4 Common RCM Mistakes (And How To Avoid Them)

4 Common RCM Mistakes (And How To Avoid Them)

Effective revenue cycle management (RCM) is at the heart of a financially and operationally healthy medical practice. There are thousands of examples out there that can confirm the importance of an efficient RCM process. However, to reap those benefits, you need to know how to implement the RCM process and what red flags to watch out for. With so many overlapping and complex processes entwined together to form RCM, even the most experienced veterans end up making mistakes. While these mistakes are often harmless, they can disrupt your practice’s cash flow and bottom line if not handled properly. Below are the five most common RCM mistakes that most practices make, and could have easily avoided, by forward-thinking and taking proactive steps.

  1. Failure to Timely File Claims

With claims submission being a time-consuming process, many practices choose to send out weekly batches of claims. A weekly submission not only increases the chances of a claim becoming lost, but also increases its turnaround time.

Understand this: The more time a claim spends in your office, the lower your chance of receiving reimbursement is. Some insurance companies might deny your claim if it is filed after 30 days of services being rendered. Other companies will suspend your claim to favor the more recent ones. Delays in claim submission will eventually result in a chocked-up revenue cycle. How to avoid this mistake: To streamline your claim submission process, aim to submit claims at the end of each day. Take the time to research advanced tools that can help you track all cases and ensure that they are billed out within a set number of days. You can use automated tools to generate alerts to remind you to follow up on overdue claims.

  1. Failure to Correctly Verify PatientEligibility

With copays soaring and patients making multiple visits to doctors, verifying patient eligibility is critical to managing RCM. Without eligibility verification, your practice may provide services to patients whose insurance does not cover care costs. If the claim is processed without patient verification, chances are it will be rejected, and the patient might have to bear the unexpected expenses. By sticking to upfront verification of patient eligibility, medical practices can cut future debt and help patients avoid unexpected out-of-pocket expenses. How to avoid this mistake: Make sure your employees inquire about each patient’s copay amounts and eligibility before rendering services. In case the provider does not cover patients, your staff should also provide patients with an estimated ‘out of pocket’ cost for the services. Also, several tools are available that automate the patient eligibility verification process and provide real-time details for patients, payers, and insurance plans.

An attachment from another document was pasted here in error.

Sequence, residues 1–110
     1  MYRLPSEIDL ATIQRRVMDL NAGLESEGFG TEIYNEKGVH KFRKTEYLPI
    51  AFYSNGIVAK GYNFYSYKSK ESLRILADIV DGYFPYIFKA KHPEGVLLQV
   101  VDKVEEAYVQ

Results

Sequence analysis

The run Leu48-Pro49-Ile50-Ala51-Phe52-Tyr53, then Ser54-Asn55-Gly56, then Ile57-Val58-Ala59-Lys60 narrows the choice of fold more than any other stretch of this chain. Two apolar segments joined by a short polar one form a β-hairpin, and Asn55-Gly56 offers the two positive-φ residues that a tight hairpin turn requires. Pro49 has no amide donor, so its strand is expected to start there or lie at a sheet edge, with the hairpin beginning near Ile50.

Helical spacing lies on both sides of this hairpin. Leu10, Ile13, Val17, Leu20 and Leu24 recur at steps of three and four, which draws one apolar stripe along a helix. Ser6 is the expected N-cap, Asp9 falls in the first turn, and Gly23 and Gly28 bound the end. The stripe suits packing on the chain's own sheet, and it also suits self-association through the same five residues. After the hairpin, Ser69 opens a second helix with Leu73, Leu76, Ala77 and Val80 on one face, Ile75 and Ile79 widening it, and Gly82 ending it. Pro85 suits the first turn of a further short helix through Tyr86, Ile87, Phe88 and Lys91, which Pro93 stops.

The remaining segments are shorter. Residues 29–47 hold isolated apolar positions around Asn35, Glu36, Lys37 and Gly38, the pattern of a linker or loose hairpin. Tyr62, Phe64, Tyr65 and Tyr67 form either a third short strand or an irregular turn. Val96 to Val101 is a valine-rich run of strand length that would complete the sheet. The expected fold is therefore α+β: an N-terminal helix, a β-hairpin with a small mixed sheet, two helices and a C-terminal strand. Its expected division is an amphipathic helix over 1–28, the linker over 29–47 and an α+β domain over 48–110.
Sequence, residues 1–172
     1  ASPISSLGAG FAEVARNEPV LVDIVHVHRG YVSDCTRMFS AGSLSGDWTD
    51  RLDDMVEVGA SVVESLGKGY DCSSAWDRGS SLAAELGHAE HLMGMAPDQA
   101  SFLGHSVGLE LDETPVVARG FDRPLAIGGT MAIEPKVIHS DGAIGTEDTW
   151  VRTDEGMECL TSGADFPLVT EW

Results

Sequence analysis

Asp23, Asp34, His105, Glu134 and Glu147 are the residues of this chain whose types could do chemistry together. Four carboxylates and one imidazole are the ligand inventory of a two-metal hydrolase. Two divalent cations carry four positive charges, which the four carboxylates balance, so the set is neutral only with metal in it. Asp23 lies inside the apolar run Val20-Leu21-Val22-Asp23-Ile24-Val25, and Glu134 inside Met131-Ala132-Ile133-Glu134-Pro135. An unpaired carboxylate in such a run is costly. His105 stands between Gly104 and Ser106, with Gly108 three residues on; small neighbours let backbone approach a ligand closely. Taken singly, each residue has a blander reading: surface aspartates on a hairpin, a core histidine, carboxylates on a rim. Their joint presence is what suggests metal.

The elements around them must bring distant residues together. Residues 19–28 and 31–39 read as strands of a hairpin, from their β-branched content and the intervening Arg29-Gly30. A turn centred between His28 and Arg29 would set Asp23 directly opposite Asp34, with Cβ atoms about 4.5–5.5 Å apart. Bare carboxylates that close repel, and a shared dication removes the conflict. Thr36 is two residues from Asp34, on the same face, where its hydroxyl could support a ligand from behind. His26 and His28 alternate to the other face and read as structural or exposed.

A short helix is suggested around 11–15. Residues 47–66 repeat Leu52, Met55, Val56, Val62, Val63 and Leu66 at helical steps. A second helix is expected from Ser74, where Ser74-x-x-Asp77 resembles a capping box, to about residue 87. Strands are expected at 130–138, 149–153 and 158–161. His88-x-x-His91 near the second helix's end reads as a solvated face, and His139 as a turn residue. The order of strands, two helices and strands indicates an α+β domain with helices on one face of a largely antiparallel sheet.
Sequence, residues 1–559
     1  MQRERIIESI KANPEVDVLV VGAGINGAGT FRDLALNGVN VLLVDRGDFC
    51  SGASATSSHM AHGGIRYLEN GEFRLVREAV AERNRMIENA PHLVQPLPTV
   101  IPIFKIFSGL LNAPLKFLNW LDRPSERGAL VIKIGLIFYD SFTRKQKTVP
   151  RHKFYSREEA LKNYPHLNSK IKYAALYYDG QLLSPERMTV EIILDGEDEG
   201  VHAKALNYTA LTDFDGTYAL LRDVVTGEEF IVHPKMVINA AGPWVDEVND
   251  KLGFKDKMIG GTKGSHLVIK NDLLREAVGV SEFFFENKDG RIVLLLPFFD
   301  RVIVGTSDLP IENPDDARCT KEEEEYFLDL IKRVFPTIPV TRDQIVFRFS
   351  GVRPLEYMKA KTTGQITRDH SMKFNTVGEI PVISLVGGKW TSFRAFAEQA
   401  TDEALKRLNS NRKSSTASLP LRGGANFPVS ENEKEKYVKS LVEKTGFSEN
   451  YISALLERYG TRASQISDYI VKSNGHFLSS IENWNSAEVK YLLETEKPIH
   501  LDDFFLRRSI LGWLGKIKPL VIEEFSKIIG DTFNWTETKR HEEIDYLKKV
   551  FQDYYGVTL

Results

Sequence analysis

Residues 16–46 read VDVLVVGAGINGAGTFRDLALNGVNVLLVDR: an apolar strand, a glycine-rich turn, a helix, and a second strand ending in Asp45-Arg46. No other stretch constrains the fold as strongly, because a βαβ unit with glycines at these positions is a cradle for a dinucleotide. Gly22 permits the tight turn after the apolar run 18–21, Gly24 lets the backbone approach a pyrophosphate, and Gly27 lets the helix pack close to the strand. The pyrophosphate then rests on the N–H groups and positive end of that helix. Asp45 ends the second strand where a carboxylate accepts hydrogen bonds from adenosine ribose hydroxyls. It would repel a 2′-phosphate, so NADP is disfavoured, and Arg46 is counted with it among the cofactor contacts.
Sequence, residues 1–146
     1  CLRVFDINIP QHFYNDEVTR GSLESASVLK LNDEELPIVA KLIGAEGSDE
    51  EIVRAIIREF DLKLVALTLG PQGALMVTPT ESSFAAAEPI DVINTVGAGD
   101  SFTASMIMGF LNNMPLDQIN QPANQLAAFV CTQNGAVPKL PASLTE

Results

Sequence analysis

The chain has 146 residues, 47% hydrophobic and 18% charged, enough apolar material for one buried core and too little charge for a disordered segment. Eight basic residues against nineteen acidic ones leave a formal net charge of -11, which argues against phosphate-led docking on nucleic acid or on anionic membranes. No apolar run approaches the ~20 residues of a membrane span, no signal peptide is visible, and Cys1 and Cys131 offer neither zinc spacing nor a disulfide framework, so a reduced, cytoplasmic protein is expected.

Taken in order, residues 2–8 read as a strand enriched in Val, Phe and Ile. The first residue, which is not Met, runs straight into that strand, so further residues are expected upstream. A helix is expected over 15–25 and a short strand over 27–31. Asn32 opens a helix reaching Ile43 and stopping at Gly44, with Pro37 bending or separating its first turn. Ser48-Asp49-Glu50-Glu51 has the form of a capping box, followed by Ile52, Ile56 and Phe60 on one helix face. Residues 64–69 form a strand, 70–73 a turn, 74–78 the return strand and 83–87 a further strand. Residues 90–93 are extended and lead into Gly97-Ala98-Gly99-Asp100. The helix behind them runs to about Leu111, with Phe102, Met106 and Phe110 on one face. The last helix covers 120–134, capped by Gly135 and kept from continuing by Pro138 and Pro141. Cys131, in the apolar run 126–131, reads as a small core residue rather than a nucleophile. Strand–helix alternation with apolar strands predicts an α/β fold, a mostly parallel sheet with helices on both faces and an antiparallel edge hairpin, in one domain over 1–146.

1. Failure to Resubmit Rejected Claims

According to a report by the American Academy of Family Physicians (AAFP), the average claim denial rate is 5 – 10%. No matter how good your coders are, some of your claims will get rejected due to errors. And when claims get denied, a lot of doctors are reluctant to resubmit to payers because they don’t have the tools to get access to the right data to support the challenge. The result? Lost revenue! How to avoid this mistake: Your staff must keep an eye on the submitted claims’ status and identify errors in it. Denied claims must be rectified, supported with a valid reason, and resubmitted. Likewise, unpaid claims by patients must also be handled as a priority.  There are many tools available online to help you stay up-to-date with regulations to defend your claims. These tools not only identify the reasons for denials, but will also help you streamline the claim filing and appeal letters process.

  1. Failure to Collect at Point of Care

Your chances of collecting fees take a plunge when patients walk out the door. While some doctors are not comfortable collecting payments at the point of care, avoiding this difficult task might put your revenue at risk. Should you choose not to collect fees at the point of service, be prepared to waste time and money making phone calls, sending invoices, and chasing patients for payments. How to avoid this mistake: This is probably the most easily preventable mistake. Train your staff to communicate with patients regarding copays and other costs before rendering the service, as this will help eliminate confusion and promote a healthier revenue cycle. Your patients will also respect payment rules when they are communicated upfront. Conclusion Establishing an effective RCM process, one that includes preventative measures for the mistakes discussed above will profoundly impact your practice’s profitability. Also, communicating with staff and patients is vital to the success of any policies you adopt, especially those related to payments and costs. As you modify your approach to RCM, be sure to train your staff thoroughly, eliminate any RCM myths they might have, and inform patients about your renewed policies. The efforts will be worth the hard work. We hope that learning about these common RCM mistakes will help you avoid them in the future. However, if you are too tied up to audit and streamline your RCM process, contact us to learn how we can help you succeed!